DPD to partner with SPCA for animal cruelty cases

The Dallas Police Department will now be partnering with the SPCA to prosecute animal cruelty cases. It comes six months after a FOX 4 investigation exposed the system to investigate animal cruelty in Dallas was broken.

Deputy Chief Rob Sherwin said they decided to start the partnership with SPCA animal cruelty investigators after discovering a number of cases that they could have handled better.

A FOX 4 investigation in May exposed failures in the system to investigate cruelty with no one group tracking all cases in Dallas from start to finish.

READ MORE: Animal cruelty investigation falls through the cracks at DPD

One of those cases involved Khaleesi. Firefighters found her with her throat slit, but DPD never looked into her case until FOX 4 started asking questions. Investigators didn’t start looking five months after the fact. By then, it was too late. No evidence could be found to develop a suspect.

Now, DPD will partner with the SPCA in a new pilot program to investigate animal cruelty.

SPCA of Texas President James Bias says without the partnership, they've been doing double work.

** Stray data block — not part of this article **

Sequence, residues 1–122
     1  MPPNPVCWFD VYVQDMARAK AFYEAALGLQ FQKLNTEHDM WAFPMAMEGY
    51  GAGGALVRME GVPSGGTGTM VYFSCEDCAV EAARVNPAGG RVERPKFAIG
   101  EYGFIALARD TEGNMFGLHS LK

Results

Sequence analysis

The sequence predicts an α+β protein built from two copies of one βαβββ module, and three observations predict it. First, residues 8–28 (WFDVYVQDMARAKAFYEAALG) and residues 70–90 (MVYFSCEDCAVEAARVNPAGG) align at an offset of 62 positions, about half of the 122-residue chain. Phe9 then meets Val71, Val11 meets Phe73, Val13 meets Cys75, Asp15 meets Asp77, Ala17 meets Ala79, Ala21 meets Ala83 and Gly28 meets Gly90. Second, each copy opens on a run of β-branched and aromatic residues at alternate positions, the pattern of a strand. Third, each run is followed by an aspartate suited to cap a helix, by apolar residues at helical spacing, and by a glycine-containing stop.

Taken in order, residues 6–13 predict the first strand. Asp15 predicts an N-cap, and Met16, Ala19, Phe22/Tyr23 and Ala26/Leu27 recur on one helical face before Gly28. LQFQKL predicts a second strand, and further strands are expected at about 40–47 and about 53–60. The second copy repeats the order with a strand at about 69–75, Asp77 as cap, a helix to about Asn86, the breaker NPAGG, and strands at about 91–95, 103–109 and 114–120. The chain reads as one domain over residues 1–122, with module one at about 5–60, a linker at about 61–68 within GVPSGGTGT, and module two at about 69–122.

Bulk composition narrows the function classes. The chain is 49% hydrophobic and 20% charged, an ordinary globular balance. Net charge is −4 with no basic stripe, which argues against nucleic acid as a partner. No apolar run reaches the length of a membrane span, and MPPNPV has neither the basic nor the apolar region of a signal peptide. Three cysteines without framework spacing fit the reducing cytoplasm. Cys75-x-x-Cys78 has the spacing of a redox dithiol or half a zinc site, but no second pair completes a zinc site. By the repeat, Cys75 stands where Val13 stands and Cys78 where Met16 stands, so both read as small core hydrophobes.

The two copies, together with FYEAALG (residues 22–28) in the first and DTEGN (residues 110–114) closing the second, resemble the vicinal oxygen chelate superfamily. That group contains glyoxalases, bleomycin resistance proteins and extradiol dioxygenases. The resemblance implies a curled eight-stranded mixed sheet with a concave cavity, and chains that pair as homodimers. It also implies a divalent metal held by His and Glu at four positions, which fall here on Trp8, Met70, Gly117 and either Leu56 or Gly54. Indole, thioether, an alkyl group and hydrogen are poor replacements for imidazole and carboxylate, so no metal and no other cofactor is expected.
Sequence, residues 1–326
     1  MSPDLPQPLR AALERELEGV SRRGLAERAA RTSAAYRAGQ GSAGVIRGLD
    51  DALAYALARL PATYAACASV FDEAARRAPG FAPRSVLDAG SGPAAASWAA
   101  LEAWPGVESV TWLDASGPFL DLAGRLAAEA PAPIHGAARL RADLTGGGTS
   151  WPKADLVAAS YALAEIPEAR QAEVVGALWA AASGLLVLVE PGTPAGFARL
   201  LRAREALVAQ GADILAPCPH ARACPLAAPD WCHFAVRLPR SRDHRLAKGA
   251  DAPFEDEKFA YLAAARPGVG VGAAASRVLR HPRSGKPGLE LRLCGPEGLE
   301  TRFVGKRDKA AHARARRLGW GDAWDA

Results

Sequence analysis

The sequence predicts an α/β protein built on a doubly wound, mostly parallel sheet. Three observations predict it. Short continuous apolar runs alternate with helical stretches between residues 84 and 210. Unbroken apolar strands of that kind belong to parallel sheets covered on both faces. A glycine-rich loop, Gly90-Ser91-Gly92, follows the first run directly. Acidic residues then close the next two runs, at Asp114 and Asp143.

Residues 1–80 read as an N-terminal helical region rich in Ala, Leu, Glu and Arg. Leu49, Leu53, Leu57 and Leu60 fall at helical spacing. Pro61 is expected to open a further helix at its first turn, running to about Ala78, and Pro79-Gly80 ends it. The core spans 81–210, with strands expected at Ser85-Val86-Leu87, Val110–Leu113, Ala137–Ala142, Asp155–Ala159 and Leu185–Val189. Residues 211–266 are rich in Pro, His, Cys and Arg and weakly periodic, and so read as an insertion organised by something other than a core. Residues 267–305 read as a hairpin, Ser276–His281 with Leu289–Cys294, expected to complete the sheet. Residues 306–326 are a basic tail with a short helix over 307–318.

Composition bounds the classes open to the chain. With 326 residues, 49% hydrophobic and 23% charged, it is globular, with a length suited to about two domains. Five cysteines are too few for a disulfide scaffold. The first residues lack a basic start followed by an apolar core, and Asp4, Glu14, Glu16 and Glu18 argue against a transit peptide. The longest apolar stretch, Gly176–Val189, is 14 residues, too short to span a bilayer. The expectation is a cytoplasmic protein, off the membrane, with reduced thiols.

“SPCA would receive a complaint. DPD would receive a complaint. Dallas Animal Services would receive a complaint. Suddenly you have three agencies who don't have the resources to handle it all,” Bias said.

The pilot program will begin in the southeast division.

“Eventually, when they're ready, we will give them the entire city,” said Sherwin. “That's about 300-400 cases per year."

SPCA investigators are peace officers so they don't have authority to make arrests but will file their cases with the district attorney, who can then press criminal charges.

Bias says his investigators are up to the task.

“This is what they do every day. They don't do traffic. They don't do murders. This is what they do every day,” he said.

In May, Stephanie Timko showed the gruesome routine she and other volunteers go through every week, collecting dogs dumped on Dowdy Ferry Road.

“We have a lot of work to do,” she said. “This is the beginning, not the end."

Timko is cautiously optimistic about the new arrangement.

“When I drive Dowdy Ferry and I don't see any more bags of dead animals, then I'll know we've turned a corner and made a change,” she said.

Since SPCA is a non-profit, they are not subject to open records laws. But in order to have transparency, Chief Sherwin said SPCA will be required to file their cases with DPD. SPCA is not asking for any money from the city.

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